While he freely accepts that some characteristics of successful leaders may be genetically determined, he believes that you can develop leadership skills through education and by learning from the rich tapestry of experiences that life throws up.

‘There are a whole range of environments and influences throughout our lives that help us develop as leaders and bring out the best in us,’ he says.

The challenges Sam has faced over the decades have, he says, shaped his development in a more beneficial way than if he had experienced a much smoother, more problem-free ride through life.

‘The fact that there is a such wide range of environmental factors and events that happen to us all – including the luck of coming across the right people at the right time – means there cannot be one definitive way of creating an effective leader.

‘Remember too that, as a leader, you have to keep adapting and growing to be effective in the environment you are working in and the people you are working with.

‘That’s why those people who have some of those natural elements but also seek out development opportunities come through as the best leaders. It is not just a case of they were born with it.

‘If everything was black and white we could all pick up a textbook, read how to do it and then get on with it.’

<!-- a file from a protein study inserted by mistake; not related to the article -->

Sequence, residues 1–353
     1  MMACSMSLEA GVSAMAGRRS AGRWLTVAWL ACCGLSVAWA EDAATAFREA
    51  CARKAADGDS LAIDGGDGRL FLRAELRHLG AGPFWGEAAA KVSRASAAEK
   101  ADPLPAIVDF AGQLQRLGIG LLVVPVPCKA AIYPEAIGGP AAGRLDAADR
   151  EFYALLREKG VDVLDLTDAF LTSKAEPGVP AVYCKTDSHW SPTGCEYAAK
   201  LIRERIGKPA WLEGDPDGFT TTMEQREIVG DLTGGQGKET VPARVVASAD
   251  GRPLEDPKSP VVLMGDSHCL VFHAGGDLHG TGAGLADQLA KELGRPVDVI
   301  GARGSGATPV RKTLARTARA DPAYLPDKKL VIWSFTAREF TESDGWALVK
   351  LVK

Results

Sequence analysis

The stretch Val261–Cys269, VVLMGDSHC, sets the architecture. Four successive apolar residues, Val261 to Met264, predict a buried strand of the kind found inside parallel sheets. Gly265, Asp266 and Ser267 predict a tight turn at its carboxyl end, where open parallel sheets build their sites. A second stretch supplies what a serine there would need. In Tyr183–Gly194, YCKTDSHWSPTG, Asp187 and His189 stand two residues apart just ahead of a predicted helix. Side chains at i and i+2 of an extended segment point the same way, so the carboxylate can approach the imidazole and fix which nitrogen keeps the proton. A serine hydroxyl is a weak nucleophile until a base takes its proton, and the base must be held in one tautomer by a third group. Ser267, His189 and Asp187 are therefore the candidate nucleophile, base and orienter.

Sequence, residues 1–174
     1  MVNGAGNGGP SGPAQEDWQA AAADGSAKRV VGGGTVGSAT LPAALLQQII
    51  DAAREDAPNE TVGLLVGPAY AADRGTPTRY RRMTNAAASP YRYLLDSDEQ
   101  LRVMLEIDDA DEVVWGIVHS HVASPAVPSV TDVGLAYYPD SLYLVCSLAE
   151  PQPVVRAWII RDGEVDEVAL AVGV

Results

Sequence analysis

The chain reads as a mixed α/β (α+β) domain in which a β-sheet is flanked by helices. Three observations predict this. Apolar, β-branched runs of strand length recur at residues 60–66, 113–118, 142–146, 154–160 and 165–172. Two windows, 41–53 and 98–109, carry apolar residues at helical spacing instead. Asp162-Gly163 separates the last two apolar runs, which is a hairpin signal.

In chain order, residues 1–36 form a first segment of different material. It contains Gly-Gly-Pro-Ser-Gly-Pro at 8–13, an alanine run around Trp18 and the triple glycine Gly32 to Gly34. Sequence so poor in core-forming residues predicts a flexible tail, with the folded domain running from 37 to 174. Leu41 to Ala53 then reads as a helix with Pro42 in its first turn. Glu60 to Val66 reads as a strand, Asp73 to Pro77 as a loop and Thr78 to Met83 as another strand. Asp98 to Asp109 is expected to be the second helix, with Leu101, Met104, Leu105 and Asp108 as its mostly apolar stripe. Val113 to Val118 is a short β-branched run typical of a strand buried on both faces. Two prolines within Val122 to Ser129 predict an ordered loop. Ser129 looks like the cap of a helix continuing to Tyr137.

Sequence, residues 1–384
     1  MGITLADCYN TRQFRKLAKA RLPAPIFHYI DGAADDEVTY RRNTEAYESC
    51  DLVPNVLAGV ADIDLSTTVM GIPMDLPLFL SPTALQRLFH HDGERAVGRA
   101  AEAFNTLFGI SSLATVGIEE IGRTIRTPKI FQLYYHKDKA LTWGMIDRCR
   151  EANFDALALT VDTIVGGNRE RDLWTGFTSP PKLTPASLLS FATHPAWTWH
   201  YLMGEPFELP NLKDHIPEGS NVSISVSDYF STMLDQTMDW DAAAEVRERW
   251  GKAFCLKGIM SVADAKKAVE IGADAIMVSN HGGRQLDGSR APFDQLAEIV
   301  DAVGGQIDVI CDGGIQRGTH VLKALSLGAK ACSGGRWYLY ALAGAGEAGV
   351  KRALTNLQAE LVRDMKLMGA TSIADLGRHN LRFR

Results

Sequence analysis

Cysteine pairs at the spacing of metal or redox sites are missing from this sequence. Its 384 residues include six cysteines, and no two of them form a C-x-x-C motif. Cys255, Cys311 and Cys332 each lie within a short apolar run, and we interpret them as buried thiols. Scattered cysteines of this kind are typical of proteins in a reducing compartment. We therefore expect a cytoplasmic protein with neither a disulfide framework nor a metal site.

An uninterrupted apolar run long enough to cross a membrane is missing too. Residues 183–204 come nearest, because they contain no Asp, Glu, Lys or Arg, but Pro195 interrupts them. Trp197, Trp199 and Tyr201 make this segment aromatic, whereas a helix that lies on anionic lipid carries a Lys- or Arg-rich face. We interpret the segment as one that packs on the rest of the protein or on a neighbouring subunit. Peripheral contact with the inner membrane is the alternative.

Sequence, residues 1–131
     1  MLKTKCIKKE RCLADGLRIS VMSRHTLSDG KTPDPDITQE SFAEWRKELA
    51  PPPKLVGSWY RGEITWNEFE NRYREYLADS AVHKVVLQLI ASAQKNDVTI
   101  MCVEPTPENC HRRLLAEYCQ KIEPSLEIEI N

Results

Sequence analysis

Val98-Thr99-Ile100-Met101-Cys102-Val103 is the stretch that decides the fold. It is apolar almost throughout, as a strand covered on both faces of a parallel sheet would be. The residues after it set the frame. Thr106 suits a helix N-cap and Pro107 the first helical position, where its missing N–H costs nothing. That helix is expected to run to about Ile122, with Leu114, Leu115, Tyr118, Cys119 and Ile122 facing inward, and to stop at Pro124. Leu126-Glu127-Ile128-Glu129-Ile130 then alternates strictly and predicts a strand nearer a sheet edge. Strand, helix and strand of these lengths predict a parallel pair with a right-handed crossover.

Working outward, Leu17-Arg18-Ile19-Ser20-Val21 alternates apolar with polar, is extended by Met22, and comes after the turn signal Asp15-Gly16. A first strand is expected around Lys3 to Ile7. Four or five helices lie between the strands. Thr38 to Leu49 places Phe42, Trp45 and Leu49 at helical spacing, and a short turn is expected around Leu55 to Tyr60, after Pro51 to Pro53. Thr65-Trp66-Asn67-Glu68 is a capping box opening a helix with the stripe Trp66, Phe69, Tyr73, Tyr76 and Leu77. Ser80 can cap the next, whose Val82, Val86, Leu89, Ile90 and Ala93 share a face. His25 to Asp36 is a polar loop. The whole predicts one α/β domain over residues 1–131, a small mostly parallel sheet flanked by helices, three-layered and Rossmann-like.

Jigsaw puzzle

This applies to leadership too. Everyone is looking for a structure, a specific leadership style, but the truth is there isn’t a fool proof way of doing things, as leadership is a multi-faceted, complex beast.

‘To be a skilled leader, it’s about an appreciation and understanding of all the different influences and knowing how to put all the different parts together.

‘Leadership is a living, breathing organism. It is always developing.

‘By trying to coach isolated approaches to leadership, such as the behavioural aspects or intra-personal qualities, I don’t think you are really appreciating what leadership is about.’

We are all guilty, are we not, of an impulse to box everything into neat little categories? But not everything in life can be defined with a clarity that leaves no room for confusion. Life contains layers of complexity that obstruct our urge to have an answer for everything.

‘The need to know how things work is a human obsession,’ agrees Sam.

‘You can observe it in people in certain social situations, who feel uncomfortable, anxious and out of place if they don’t understand the social norms.’

Leadership

Former England captain Steven Gerrard, a renowned and respected leader, sends out a rallying cry to his players during an international friendly against Peru

How well we respond to coaching is in our DNA

In an article for the Daily Mail following hot on the wheels of the success of Jason and Laura Kenny at the Olympic Games in Rio, Cambridge University geneticist Dr Giles Yeo examined whether children of high fliers were born to be brilliant too?

He wrote that at least 100 genes play a role in determining our bodyweight and shape, with 300 to 400 genes affecting such physical attributes as muscles (such as dominant type of muscle fibre), aerobic capacity, explosive power, endurance potential, hand-eye/foot-eye coordination.

Apparently, mental attributes like focus, determination, motivation and ability to handle pressure situations are also inherent.